I was bawling as I sat on my couch, watching various names scroll across the TV screen before me. I grabbed my phone to text someone, anyone. I needed someone to anchor me to reality. Because this? This was just so, so sad.
I have come close to crying in a movie theater, but I’ve never actually cried. The closest I’ve come is when I saw the climax of Toy Story 3. I don’t cry in movie theaters. I don’t like the moment when you exit and you see someone’s ruddy cheeks and nose and the stains of old missed tears stuck to their face. It feels like you’re intruding on a private moment. A moment shared with dozens of others.
Movies have made me feel many things. Games have made me feel fewer. I have grown attached to game characters, I have watched in disbelief and shock as something horrible befell them and their polygons were lost to me forever… At least, until my next new game playthrough. I felt twinges of sadness, but never anything more than that. Never have I felt even the urge to cry.
And yet there I was, sitting on my couch in my apartment and crying ferociously over the end of the Walking Dead. I’ll admit, when I first felt the urge to cry I was weirded out. I remember thinking, “Video games don’t make you cry.” No more than a minute later I decided to let go of my silly preconceived notions and just let loose.
I finished Gears 3 last night. This is a series I’ve followed since the first game made an appearance on the 360, and it’s one that I’ve loved from the get-go. My friends and I would gather around and play the first one together, remarking on the controls and the cover system. I played Horde mode non-stop once the second came out, and I was immediately the best of my friends. At this year’s past E3, I waited a little under an hour in line just to play a few rounds of Horde mode in the third game.
While Zelda: Ocarina of Time will forever be my most favorite game ever, the Gears series is definitely my favorite as a young adult. Why?
A year ago, I would have given the answer, “It’s simply a fun, well-executed game. The pieces all come together. The result is cinematic and epic. I feel like a hero.”
After finishing up this last entry, I want to bring up another aspect that has caused me to enjoy the series even more. It’s something that Gears detractors (one of them a dear friend of mine) enjoy bringing up and ridiculing.
The character insight given to players in Gears 3 reverses previous notions of an all-brawn-but-no-brain cast, and the characters become stronger and more developed in simple moments throughout the game.
Spoilers, from here on out.
I read last week an interesting article on how liberally Batman: Arkham City slings the word “bitch” about. I don’t yet have the game myself–of course I’m itching to play it–and I’ll wait until I get my hands on it to pass judgment. The articles that have stood out most to me have been Kotaku’s own articles on Batman’s weird “bitch” fixation and the hypersexualization of female characters in game worlds. I thought these two to be well-written articles that certainly incited a lot of discussion in their comments. That is, of course, never a bad thing–discussion begets critical thinking. Hopefully.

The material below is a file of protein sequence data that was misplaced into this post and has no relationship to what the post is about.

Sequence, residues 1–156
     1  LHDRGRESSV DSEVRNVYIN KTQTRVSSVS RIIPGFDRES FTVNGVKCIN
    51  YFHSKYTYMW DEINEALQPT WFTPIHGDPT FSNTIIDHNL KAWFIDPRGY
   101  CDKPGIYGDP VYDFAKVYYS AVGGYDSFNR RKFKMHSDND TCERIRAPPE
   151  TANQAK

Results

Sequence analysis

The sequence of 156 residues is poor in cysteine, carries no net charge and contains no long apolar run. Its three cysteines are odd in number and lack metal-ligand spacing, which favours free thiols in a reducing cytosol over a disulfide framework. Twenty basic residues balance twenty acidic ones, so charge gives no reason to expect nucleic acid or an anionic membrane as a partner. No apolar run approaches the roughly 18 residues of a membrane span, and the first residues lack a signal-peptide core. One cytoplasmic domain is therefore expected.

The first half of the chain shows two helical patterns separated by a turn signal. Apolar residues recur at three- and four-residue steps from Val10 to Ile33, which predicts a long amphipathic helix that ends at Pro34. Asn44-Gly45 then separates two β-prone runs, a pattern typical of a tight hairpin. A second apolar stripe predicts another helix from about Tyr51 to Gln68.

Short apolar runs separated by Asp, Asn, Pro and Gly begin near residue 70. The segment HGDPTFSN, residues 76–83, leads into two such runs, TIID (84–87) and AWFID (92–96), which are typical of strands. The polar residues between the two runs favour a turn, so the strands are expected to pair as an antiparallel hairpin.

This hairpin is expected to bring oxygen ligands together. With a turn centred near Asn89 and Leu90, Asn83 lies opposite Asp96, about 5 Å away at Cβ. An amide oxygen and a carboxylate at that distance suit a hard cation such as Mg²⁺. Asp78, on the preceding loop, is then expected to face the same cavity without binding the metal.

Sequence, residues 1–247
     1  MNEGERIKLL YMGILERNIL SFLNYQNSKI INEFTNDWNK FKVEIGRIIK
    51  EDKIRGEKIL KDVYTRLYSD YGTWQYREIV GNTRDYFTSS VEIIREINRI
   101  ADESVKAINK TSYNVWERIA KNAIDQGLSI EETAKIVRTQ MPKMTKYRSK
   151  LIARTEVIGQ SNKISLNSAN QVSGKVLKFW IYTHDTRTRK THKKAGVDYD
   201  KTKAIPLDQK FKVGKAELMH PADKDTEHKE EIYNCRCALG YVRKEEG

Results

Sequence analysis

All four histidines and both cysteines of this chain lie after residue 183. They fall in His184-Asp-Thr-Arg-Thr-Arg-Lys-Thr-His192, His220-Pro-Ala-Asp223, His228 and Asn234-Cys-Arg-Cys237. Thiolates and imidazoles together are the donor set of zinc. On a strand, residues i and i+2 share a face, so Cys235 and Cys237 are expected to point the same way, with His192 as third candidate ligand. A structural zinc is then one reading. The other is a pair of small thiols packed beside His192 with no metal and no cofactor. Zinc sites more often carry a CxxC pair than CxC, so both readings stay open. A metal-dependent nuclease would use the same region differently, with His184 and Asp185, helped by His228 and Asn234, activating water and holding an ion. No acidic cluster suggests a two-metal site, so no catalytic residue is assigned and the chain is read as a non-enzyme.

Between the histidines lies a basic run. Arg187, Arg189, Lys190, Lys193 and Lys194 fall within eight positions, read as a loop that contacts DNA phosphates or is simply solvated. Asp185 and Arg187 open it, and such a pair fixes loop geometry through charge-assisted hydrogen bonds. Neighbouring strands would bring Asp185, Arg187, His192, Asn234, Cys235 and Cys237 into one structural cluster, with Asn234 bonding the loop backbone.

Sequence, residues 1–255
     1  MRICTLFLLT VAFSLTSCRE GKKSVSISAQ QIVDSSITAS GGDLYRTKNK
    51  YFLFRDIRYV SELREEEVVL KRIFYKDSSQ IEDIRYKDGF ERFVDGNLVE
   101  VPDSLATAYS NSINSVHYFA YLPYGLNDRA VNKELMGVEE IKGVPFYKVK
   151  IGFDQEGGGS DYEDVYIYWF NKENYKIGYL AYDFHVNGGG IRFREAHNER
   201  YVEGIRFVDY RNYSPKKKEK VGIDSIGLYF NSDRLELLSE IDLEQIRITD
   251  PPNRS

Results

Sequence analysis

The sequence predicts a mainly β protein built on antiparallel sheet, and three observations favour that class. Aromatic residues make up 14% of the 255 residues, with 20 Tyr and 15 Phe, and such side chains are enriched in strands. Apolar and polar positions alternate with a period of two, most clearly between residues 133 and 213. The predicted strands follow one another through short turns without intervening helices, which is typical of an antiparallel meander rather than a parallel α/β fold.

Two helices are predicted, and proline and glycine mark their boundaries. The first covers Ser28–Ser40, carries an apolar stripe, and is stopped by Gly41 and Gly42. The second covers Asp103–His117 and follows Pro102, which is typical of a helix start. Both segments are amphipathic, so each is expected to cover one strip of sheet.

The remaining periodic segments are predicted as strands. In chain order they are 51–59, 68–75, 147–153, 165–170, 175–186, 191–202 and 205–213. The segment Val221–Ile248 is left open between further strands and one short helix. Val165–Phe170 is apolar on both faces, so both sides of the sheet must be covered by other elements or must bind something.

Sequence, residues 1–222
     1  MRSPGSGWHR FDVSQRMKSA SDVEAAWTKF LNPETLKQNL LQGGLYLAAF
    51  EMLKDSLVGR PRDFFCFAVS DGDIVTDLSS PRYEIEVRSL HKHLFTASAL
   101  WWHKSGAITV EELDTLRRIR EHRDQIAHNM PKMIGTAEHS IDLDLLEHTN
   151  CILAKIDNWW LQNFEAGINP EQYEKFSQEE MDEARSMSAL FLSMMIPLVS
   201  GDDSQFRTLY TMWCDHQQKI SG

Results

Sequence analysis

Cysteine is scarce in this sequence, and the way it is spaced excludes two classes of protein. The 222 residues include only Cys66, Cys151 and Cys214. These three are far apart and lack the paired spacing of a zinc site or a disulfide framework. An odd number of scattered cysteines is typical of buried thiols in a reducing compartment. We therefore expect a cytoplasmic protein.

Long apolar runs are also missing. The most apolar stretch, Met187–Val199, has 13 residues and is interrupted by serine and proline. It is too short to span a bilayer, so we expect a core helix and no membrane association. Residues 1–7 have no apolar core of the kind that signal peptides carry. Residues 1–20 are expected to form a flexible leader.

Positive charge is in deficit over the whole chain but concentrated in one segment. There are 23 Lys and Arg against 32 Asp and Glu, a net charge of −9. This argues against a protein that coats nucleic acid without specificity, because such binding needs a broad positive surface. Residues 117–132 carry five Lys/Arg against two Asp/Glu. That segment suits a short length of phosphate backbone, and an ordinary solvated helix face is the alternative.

Female characters in video games can often be described as slight variations of one of three archetypes: the helpless, hapless damsel in distress; the coquettish, alluring vixen; and the cold-hearted, distant embodiment of stoicism. In addition, the majority of women in games are heavily and overtly sexualized for mass male consumption, thereby providing slight variations of the same visual across several different games. Many lauded video game members have taken issue with the current state of women in games and have offered their own viewpoints in order to fix it. Leigh Alexander writes in an editorial for Gamepro Magazine that characters such as Bayonetta “[take] the video game sexy woman stereotype from object to subject” in which “the game itself is an artistic representation of the concept that female sexuality is its own kind of weapon.” Others disagree, believing that “characters [should] reflect the harsh lifestyle of their world in a much more believable way” (Hamm). Both offer interesting yet opposing solutions. However, both solutions can go much further in creating believable or truly empowering female characters. The hypersexualized dominatrix invoking female empowerment is a dramatic knee-jerk response to the objectification of women in games. The normal, average woman with a matching attitude and manner is currently the method being taken for game developers wishing to inject their games with respect for females. Video game females can be so much more than either of those two proposals. The change the industry needs for their female characters is to make them more multifaceted by giving them unique strengths, weaknesses, quirks, and personality traits. Female characterization needs to evolve to better reflect where females are today, instead of the antiquated false notions of what they were and perhaps should have been in the past.